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Fargo v. Hart
United States Supreme Court
193 U.S. 490, 24 S. Ct. 498 (1904)
The American Express Company was a New York corporation that did business in Indiana. American Express delivered mail to recipients across the United States and internationally. American Express owned real estate and personal property worth approximately $22 million, $8,000 worth of which was located in Indiana. American Express paid state taxes in Indiana on the $8,000 worth of property. The Indiana Board of Tax Commissioners (the board) (defendant) attempted to apply Indiana’s property tax to American Express’s business as a whole rather than only to the property located in Indiana. To do so, the board calculated the proportion of American Express’s business that was allocable to Indiana by determining the ratio of mileage that the company traveled in Indiana to the company’s total mileage, minus miles traveled on the ocean for international deliveries. The board defended its tax scheme by arguing that all of American Express’s property is necessarily used by the company as a whole. J. C. Fargo (plaintiff), the president of American Express, filed a lawsuit against the board in federal court seeking to enjoin the board from assessing the additional property taxes against American Express. The circuit court dismissed Fargo’s complaint, and Fargo appealed.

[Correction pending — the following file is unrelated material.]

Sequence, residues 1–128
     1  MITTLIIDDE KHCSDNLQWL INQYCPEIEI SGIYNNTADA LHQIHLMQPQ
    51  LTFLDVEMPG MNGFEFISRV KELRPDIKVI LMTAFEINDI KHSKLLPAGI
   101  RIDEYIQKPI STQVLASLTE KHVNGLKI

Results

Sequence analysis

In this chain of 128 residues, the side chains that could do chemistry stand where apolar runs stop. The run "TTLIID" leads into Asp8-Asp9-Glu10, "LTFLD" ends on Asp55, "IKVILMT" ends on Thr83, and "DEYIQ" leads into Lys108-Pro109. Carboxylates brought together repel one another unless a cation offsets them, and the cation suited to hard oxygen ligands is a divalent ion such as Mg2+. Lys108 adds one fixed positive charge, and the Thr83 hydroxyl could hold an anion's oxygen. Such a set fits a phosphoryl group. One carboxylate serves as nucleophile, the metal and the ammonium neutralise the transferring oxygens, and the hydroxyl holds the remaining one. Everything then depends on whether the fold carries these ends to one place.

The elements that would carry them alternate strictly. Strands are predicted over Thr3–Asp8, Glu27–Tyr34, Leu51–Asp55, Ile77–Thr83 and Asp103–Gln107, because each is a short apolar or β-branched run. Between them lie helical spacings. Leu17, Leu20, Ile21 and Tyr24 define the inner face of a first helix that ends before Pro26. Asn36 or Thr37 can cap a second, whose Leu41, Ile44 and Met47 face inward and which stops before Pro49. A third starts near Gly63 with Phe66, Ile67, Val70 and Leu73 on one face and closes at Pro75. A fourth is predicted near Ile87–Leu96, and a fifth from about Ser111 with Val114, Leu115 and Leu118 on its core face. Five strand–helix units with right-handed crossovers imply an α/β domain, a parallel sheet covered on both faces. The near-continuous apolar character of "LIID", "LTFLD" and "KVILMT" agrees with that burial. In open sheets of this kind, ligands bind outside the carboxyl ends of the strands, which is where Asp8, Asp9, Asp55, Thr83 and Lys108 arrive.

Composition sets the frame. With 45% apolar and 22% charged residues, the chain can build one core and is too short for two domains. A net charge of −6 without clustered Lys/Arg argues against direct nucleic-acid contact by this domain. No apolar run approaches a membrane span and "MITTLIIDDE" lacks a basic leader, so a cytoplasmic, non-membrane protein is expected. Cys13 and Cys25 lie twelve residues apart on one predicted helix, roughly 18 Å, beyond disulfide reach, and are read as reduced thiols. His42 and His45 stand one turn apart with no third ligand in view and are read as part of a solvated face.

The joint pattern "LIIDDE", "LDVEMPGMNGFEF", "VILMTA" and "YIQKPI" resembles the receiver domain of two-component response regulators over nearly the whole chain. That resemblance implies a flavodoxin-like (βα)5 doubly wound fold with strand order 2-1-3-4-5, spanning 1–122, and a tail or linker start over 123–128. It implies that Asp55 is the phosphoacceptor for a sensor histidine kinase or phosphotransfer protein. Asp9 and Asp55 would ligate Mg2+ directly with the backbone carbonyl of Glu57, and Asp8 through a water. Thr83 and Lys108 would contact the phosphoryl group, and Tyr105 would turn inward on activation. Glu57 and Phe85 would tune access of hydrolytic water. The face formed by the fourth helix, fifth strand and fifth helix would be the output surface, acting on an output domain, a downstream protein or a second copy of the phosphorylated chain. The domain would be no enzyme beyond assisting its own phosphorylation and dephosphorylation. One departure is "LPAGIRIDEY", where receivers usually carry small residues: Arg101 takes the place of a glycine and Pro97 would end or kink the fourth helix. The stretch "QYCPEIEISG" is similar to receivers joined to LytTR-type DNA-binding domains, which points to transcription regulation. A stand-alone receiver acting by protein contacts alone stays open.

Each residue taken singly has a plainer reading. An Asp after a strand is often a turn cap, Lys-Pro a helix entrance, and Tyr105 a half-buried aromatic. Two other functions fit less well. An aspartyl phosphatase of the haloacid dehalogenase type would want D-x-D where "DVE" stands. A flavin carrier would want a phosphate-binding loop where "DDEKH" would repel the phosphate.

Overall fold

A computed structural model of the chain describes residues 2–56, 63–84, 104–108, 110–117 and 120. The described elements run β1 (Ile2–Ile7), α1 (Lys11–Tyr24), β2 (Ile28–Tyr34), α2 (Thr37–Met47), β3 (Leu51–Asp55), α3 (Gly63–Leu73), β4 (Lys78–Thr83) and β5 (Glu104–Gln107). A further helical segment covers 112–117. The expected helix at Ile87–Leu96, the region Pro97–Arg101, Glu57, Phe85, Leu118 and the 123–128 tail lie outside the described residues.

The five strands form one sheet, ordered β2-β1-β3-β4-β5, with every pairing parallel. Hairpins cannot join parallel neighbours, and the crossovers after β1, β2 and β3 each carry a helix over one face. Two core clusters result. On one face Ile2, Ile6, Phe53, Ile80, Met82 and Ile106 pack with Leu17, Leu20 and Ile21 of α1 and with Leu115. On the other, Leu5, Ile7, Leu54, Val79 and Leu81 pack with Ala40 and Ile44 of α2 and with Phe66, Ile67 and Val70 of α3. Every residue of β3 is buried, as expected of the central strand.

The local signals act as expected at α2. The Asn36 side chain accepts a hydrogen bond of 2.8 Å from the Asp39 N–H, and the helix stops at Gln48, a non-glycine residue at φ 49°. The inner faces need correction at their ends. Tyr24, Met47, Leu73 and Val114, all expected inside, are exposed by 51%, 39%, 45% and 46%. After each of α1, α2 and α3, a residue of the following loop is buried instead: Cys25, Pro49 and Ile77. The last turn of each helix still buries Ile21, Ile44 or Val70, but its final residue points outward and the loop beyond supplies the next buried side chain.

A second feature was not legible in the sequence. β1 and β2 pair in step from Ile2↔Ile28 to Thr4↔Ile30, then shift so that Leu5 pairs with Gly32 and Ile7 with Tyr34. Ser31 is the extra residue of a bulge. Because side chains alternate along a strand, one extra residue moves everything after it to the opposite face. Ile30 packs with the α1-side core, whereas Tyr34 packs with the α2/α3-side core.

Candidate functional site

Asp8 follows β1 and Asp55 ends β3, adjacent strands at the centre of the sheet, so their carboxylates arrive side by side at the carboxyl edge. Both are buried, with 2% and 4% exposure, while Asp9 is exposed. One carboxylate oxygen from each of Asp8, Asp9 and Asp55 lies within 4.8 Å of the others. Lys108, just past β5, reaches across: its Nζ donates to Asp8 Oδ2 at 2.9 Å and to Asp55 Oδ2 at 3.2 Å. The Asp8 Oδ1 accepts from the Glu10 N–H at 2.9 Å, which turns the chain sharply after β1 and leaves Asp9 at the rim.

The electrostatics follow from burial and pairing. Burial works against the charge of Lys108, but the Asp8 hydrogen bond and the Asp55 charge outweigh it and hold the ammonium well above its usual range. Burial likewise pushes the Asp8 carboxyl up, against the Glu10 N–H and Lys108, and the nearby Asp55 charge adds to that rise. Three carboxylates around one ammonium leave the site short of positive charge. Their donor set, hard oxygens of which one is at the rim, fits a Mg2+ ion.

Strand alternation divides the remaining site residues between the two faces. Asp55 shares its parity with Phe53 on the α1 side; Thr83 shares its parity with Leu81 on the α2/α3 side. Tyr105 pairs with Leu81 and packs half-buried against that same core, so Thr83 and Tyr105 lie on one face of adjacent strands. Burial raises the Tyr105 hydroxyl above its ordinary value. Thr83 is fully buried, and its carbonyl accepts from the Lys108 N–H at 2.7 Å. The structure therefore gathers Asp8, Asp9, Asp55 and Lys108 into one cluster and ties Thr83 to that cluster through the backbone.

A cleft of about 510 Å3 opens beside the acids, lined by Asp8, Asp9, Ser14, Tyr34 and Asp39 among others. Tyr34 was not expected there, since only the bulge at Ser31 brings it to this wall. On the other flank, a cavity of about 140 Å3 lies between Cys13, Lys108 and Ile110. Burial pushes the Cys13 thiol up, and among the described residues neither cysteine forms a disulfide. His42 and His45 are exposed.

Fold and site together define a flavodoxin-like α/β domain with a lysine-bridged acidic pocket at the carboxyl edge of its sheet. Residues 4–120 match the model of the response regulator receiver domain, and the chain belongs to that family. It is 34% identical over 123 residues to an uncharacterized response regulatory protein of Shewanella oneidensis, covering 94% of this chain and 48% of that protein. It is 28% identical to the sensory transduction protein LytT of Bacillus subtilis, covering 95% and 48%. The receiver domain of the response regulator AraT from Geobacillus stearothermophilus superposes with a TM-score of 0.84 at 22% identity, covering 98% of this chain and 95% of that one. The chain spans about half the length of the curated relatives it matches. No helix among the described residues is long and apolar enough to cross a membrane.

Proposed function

Rule of Law
Holding and Reasoning (Holmes, J.)
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